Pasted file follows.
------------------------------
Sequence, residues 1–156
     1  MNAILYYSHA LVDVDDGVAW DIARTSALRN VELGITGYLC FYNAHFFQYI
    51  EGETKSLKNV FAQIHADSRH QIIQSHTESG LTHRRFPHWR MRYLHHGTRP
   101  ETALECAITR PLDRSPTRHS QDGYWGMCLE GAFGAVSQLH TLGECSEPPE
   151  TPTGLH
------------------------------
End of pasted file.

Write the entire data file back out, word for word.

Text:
Sequence, residues 1–156
     1  MNAILYYSHA LVDVDDGVAW DIARTSALRN VELGITGYLC FYNAHFFQYI
    51  EGETKSLKNV FAQIHADSRH QIIQSHTESG LTHRRFPHWR MRYLHHGTRP
   101  ETALECAITR PLDRSPTRHS QDGYWGMCLE GAFGAVSQLH TLGECSEPPE
   151  TPTGLH